Search along the lines of the categories above, starting at the bottom.

When you find a “bad” article, describe clearly, what is wrong (identify the actual sentences, each time), why it is bad and how it could be better (not always possible).

Hope this helps.
 

jpanhalt

Joined Jan 18, 2008
8,514
There is garbage and then there is poorly written. I think the TS meant the latter:
<snip>One of the questions asks me to find an electrical engineering article that is poorly written. <snip> Poorly written being anything from bad spelling/grammar, lack of example pictures, the flow of a paragraph just not making sense etc.
I don't see any useful purpose there from a scientific perspective. Nothing about evaluation of methods or conclusions. In other words, it seems to be a grammar and spellcheck assignment. Of course, we may find the TS didn't understand the assignment.
 

jpanhalt

Joined Jan 18, 2008
8,514
To the OP, just remember 'peer-review' does not mean the paper is good or bad in the scientific sense. The words and structure might be Shakespearean prose but the science can be total crap.
https://www.ncbi.nlm.nih.gov/pmc/articles/PMC1182327/
Editors with whom I am familiar always cautioned reviewers not to comment on grammar, spelling, and such.* Reviewers were supposed to comment on scientific design, statistical power, supporting citations, and conflicting conclusions not considered by the authors. Of course, that was not always done and perhaps that trend is increasing. Nevertheless, I still have more faith in peer review than in the moderator review of blogs, Facebook, Twitter, Amazon, and so forth.

*An exception was made for an extraordinarily poorly written article where the editors would consider a recommendation to the authors to rewrite and resubmit (i.e., neither acceptance, rejection, nor modification)
 

cmartinez

Joined Jan 17, 2007
6,680
@cmartinez and @jpanhalt
Full disclosure! I’ve published in that site, but am not afraid to admit that my articles might be considered an example of a bad article :eek:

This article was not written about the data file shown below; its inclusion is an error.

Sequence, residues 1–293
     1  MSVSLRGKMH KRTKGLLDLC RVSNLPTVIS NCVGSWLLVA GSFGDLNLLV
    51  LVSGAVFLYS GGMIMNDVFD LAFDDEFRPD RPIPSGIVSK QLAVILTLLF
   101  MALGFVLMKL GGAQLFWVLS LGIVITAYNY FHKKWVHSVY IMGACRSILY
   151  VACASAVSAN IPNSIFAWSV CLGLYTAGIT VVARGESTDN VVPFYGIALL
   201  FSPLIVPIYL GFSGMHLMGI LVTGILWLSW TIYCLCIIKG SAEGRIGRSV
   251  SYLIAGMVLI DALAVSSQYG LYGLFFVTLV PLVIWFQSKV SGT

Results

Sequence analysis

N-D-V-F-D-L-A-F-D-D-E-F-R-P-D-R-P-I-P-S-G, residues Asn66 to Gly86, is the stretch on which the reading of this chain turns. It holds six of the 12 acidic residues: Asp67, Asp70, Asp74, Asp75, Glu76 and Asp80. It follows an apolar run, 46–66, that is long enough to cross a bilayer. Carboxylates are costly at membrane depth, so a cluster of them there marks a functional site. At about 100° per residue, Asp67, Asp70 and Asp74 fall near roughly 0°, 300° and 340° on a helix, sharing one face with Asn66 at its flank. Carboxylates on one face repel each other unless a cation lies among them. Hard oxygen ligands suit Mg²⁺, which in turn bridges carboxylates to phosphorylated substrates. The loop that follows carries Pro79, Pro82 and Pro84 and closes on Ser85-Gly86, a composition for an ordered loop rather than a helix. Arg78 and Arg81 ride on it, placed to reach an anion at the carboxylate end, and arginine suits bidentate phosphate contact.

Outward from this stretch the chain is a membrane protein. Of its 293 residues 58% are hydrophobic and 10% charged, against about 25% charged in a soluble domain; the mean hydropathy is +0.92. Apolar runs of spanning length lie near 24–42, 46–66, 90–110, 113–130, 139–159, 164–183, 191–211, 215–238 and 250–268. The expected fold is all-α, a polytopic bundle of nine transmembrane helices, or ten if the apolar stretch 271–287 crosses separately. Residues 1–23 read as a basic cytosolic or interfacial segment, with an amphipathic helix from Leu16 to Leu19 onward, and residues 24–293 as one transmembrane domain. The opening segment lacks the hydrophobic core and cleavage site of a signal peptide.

nah ... nothing to be ashamed of ... (I seldom visit the place, anyway) ... besides, you're trying to help people, for free! ... it's when one is trying to make a living that this sort of thing matters, I think.
 

nsaspook

Joined Aug 27, 2009
6,743
Editors with whom I am familiar always cautioned reviewers not to comment on grammar, spelling, and such.* Reviewers were supposed to comment on scientific design, statistical power, supporting citations, and conflicting conclusions not considered by the authors. Of course, that was not always done and perhaps that trend is increasing. Nevertheless, I still have more faith in peer review than in the moderator review of blogs, Facebook, Twitter, Amazon, and so forth.

*An exception was made for an extraordinarily poorly written article where the editors would consider a recommendation to the authors to rewrite and resubmit (i.e., neither acceptance, rejection, nor modification)
Being better than Facebook, Twitter, Amazon is a pretty low bar. Peer review often means: "inspected by #7" for X number of standards. Peer-reviewed work isn't necessarily correct or conclusive.

 

jpanhalt

Joined Jan 18, 2008
8,514
@nsaspook
Even Peanuts got into the act:
upload_2019-4-27_9-42-23.png

I agree that peer review per se can mean very little. It is probably better than the nothing that blog posts get. In some disciplines and society journals, e.g., JACS (American Chemical Society), a higher standard seems to be set. But then, it is easier to tell right from wrong when statistics and populations are not involved.
 

jpanhalt

Joined Jan 18, 2008
8,514
Now, THAT is some dilution. At least the authors recognized the theoretical absence of IgE at a dilution of 1:1x10^120. As for water molecules mimicking an antibody, I have my doubts.

Nature is still a good journal. Another choice journal for irreproducible results is Lancet; although, Lancet is also well respected.
 
Top